History Lesson

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Anyone ever tell you history is dull, tedious and irrelevant? Not us. And for some particularly fascinating and relevant insights into black history, ditch the textbooks and head to these stage shows, which explore everything from the politics in midcentury professional sports to the struggle for identity in 20th century America and the racial tensions that can still exist today.

‘Race’

In this no-holds-barred drama by Pulitzer Prize-winner David Mamet—which debuted on Broadway in 2009—hidden prejudices rise and a crime mystery unfolds when a diverse team of lawyers are hired to defend a wealthy Caucasian man, who allegedly raped an African-American woman.
Go: Through Feb. 19 at Goodman Theatre, 170 N. Dearborn St.
Tickets: $20-$68; 312-337-0665; lookingglasstheatre.org

Chicago Human Rhythm Project Winter Tap Jamboree

Celebrate the art of tap and folkloric dance at this annual concert, featuring performances by Chicago Human Rhythm Project resident ensemble BAM!, the Afro-Haitian Tamboula Ethnic Dance Company, M.A.D.D. Rhythms, Mr. Taps and others. While you’re there, tour current featured exhibitions including “Spread the Word! The Evolution of Gospel,” which highlights the contributions of Mahalia Jackson, Albertina Walker and Thomas Dorsey.
Go: Through Feb. 19 at the DuSable Museum of African American History, 740 E. 56th Place.
Tickets: $15-$25; 773-281-1825; chicagotap.org

‘Mr. Rickey Calls a Meeting’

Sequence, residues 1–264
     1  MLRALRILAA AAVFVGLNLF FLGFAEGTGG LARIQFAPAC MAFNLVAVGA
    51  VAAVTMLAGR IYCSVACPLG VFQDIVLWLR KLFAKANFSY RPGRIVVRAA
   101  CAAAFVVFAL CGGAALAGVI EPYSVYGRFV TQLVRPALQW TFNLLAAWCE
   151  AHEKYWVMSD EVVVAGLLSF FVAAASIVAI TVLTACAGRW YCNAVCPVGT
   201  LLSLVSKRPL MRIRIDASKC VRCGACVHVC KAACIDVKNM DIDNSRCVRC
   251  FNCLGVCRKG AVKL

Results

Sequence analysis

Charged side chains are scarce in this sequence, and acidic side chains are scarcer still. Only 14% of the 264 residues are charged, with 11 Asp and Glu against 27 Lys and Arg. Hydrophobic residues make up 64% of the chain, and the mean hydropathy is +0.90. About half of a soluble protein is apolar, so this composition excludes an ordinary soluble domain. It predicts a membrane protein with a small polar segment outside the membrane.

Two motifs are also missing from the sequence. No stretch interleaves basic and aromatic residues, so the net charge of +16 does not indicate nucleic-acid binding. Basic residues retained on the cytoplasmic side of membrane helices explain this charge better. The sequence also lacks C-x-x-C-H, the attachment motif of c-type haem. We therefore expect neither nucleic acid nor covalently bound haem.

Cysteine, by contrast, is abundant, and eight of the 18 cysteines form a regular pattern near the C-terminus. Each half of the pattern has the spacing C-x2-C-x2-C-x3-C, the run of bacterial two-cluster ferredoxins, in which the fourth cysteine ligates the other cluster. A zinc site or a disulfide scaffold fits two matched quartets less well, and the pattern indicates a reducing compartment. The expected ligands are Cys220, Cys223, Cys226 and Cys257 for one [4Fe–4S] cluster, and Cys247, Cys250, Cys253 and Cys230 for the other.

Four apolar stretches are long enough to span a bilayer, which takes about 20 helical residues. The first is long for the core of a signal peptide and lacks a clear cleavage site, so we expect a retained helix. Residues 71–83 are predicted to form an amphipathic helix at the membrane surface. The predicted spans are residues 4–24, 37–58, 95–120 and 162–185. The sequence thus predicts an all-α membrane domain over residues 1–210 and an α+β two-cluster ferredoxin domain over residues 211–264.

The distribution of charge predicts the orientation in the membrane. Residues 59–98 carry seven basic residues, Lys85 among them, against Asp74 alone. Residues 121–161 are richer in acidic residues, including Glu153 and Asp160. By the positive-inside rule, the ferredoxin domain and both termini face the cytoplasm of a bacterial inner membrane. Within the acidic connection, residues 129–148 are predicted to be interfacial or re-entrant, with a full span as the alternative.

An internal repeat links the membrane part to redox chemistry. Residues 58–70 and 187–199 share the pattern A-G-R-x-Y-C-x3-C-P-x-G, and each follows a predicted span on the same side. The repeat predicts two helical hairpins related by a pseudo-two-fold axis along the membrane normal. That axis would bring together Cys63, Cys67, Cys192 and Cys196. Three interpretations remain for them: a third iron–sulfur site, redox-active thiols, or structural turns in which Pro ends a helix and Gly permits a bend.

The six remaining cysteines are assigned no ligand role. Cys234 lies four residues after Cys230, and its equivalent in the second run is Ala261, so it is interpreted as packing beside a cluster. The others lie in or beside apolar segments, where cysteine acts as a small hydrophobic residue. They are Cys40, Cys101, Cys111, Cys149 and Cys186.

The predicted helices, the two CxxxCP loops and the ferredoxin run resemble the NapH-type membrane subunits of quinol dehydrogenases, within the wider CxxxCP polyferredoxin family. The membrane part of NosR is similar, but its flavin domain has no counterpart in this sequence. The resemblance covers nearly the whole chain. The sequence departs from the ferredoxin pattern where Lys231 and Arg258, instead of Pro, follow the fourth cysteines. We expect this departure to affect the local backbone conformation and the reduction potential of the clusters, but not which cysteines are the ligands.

In this new play set in 1947, which Chicago Tribune theater critic Chris Jones calls “terrific…a deftly cast and exceptionally lively and engaging production,” Brooklyn Dodgers manager Branch Rickey meets with African-American player Jackie Robinson, tap dancer Bill “Bojangles” Robinson and Broadway star, singer and activist Paul Robeson to determine how to best break the news of Robinson’s hire—breaking long-standing baseball color lines—to the world.
Go: Through Feb. 19 at Lookingglass Theatre, 821 N. Michigan Ave.
Tickets: $20-$89; 312-443-3800; goodmantheatre.org

‘Invisible Man’

In 1953, Ralph Ellison—who taught at University of Chicago in 1961—won the National Book Award for his novel of the same title about an African-American man's search for his identity through activism, politics and social situations. Now, Oscar-nominated writer Oren Jacoby adapts the novel, local artist Joshua Horvath incorporates a jazz and blues soundscape and Classical Theatre of Harlem artistic director Christopher McElroen directs the production.
Go: Through Feb. 19 at Court Theatre, 5535 S. Ellis Ave.
Tickets: $45-$65; 773-753-4472; courttheatre.org

‘The Jackie Wilson Story’

Black Ensemble Theater—itself a chapter in Chicago’s history with 36 years of original musicals which celebrate the contributions of African-American artists from Billie Holliday to Teddy Pendergrass to Stax Records—celebrates the recent opening of its new permanent home with a remount of its 2000 hit musical about the rise and fall of the legendary soul singer.
Go: Through March 18 at Black Ensemble Theater Cultural Center, 4450 N. Clark St.
Tickets: $55-$65; 773-769-4451; ticketmaster.com

Julia Borcherts is a RedEye special contributor.

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